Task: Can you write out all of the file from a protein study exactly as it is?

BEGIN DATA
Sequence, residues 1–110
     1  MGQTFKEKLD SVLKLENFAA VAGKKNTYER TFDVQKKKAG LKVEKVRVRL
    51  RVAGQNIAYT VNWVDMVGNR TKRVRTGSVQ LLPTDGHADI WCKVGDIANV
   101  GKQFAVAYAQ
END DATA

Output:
Sequence, residues 1–110
     1  MGQTFKEKLD SVLKLENFAA VAGKKNTYER TFDVQKKKAG LKVEKVRVRL
    51  RVAGQNIAYT VNWVDMVGNR TKRVRTGSVQ LLPTDGHADI WCKVGDIANV
   101  GKQFAVAYAQ